When the stewards at Churchill Downs disqualified Maximum Security after his first-place finish at the Kentucky Derby on Saturday, the decision might have seemed straightforward. The colt committed a foul on the final turn when he crossed in front of War of Will and caused trouble for two other runners. NBC’s slow-motion replays clearly showed the infraction. And plenty of people said, “The rules are the rules, and they should be enforced whether an infraction occurs in a lowly claiming race or the Kentucky Derby.”

Racing fans know issues involving interference and disqualifications are not nearly so simple. In a rough-and-tumble sport, horses regularly bump into or veer in front of one another. In most cases, the stewards take no notice and no action. (Probably nobody would have paid attention if Maximum Security had swerved in front of War of Will on the first turn.)

Stewards disqualify horses when a foul has clearly affected the outcome — or when it’s so egregious that it eliminates other horses from contention. Even then, racing officials are often reluctant to take action in big races, just as basketball or football referees don’t want to decide the NBA Finals or the Super Bowl with a whistle.

After watching video of the 145th Derby over and over, I believe the Churchill Downs stewards made a bad decision when they took down Maximum Security’s number and made Country House the official winner. Yes, there was a foul. No, it didn’t merit a historic disqualification.

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On the final turn at Churchill Downs, with Maximum Security in the lead and War of Will behind him, Maximum Security veered into his opponent’s path and caused jockey Tyler Gaffalione to steady his horse. NBC commentator Randy Moss, an astute observer of the sport, said after watching the two horses’ legs get tangled, “It could have been carnage.” (Moss accordingly thought the disqualification was deserved.)

When I watch races and make notes on them, I always try to estimate how much an incident of trouble cost a horse. In this case, I estimated one length. The consequences of Maximum Security’s misdeed could have been catastrophic, but they weren’t. War of Will recovered quickly and resumed his chase of the leader. He had a virtually clear path ahead of him and a quarter mile to catch the front-runner. He accelerated and got within a length of Maximum Security, but the leader repulsed his bid, and in the final sixteenth of a mile War of Will ran out of gas. He faded to finish eighth. Without the trouble, he might have finished fifth. He would not have won.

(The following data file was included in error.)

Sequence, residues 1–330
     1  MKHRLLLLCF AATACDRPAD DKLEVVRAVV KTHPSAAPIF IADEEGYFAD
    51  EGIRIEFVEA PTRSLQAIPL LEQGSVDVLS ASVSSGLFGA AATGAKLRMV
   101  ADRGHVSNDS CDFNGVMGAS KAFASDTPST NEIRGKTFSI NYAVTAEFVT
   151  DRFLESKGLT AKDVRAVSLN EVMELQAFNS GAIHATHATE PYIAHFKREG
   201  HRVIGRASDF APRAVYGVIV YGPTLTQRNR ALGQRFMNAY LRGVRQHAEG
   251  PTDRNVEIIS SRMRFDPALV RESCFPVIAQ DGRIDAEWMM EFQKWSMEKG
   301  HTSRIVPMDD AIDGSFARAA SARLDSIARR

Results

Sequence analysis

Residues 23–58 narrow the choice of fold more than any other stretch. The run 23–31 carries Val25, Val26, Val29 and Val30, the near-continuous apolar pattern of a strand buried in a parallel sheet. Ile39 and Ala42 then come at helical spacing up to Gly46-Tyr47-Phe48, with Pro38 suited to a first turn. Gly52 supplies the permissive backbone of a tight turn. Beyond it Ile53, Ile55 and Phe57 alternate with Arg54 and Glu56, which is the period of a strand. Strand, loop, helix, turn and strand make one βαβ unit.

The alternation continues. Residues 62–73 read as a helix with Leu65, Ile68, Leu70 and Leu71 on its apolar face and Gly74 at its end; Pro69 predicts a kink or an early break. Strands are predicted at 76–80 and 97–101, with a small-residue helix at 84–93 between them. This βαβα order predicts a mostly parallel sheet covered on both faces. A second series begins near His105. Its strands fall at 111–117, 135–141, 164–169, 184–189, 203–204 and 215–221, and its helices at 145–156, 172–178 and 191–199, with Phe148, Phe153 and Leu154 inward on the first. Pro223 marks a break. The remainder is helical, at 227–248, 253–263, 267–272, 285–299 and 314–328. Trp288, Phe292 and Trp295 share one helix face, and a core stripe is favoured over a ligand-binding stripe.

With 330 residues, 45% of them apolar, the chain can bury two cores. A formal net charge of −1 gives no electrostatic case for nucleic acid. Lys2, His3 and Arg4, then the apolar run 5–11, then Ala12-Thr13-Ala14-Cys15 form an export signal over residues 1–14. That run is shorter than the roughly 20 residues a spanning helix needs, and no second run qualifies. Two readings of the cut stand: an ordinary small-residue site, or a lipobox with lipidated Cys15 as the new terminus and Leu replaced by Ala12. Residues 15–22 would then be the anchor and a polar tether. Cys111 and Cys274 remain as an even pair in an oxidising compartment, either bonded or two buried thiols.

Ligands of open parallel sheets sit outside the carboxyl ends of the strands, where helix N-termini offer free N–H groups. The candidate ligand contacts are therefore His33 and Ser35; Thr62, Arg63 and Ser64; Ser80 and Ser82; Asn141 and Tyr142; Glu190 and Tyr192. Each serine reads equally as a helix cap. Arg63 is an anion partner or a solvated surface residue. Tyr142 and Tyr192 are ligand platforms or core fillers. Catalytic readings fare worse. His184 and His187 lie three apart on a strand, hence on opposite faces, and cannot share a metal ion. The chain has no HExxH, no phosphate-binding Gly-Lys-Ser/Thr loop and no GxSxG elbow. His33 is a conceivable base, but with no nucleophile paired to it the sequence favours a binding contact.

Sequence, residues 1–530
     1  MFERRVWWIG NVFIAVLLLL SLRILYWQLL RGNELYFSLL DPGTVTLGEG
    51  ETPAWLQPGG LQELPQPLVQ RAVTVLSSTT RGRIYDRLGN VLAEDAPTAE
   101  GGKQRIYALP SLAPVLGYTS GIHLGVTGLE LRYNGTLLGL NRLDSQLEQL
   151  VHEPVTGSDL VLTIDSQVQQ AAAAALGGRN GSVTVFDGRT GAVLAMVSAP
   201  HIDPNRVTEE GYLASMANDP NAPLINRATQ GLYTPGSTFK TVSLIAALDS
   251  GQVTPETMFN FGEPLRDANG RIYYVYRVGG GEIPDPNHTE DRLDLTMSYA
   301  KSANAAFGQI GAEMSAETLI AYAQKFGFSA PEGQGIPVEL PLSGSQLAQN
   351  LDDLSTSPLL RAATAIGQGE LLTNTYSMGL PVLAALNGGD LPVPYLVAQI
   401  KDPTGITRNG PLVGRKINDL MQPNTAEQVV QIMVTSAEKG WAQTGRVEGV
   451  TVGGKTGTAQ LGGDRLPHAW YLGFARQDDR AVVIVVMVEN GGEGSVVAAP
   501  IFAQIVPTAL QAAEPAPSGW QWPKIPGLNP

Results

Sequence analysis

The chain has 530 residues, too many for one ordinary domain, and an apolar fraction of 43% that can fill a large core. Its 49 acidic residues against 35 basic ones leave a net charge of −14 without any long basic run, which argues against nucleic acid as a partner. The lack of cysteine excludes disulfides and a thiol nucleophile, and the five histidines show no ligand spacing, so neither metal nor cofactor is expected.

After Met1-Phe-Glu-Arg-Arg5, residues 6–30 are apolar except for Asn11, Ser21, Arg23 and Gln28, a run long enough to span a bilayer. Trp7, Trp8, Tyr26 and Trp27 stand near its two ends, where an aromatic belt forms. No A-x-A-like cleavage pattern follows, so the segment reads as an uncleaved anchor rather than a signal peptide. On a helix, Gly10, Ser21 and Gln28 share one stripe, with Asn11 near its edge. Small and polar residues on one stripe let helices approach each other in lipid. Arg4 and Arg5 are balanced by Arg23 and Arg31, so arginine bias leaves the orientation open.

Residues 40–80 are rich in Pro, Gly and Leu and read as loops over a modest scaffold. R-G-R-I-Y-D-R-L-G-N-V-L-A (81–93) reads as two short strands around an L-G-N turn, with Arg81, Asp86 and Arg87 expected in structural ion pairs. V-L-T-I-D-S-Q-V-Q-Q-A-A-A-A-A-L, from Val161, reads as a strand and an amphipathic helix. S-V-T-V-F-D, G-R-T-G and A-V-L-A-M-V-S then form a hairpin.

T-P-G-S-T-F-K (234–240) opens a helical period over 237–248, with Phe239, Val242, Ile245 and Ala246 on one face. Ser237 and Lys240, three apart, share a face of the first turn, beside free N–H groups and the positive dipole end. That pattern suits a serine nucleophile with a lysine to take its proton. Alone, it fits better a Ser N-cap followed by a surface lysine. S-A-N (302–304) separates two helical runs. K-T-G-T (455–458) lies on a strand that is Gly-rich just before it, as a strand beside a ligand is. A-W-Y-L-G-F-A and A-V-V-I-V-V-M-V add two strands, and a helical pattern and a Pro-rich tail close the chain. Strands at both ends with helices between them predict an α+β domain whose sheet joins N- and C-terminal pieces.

The other colts who were involved in the chain reaction after Maximum Security’s infraction, 54-1 Long Range Toddy and 71-1 Bodexpress, were going nowhere when the incident occurred. The trouble they encountered surely cost them a higher placing, but they finished 14th and 17th and weren’t going to be contenders under any circumstances.

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If Maximum Security had veered into the path of Country House, then defeated him by less than two lengths, there would have been no debate about what the stewards should do. The foul would have cost Country House a legitimate chance to win, and the resultant disqualification would have been prompt and uncontroversial.

But because Maximum Security’s infraction did not affect the outcome, disqualifying the winner was a bit like deciding the NBA Finals on a foul away from the ball.

What purpose was served by disqualifying the winner? If it was to make a statement about the importance of safety in race-riding, the stewards could slap jockey Luis Saez with a significant suspension. But Maximum Security was the best horse in the field, and he deserved to have his name in the record books. Gary and Mary West, who bred and own him, deserved the glory of a Derby victory after 30 years in the business. The bettors who thought Maximum Security was the best horse deserved to cash their wagers.

Certainly, no justice was served by elevating Country House from second place. He had a relatively easy trip in the Derby, sitting outside the leaders and avoiding most of the trouble on the turn. If he couldn’t win the Derby on his own merits, he doesn’t deserve to have the stewards declare him the winner.

Andrew Beyer was The Washington Post’s horse racing columnist from 1978 to 2016. He has written four books on racing, including “Picking Winners,” which introduced and explained Beyer Speed Figures, a rating assigned to every horse in every race in the United States.

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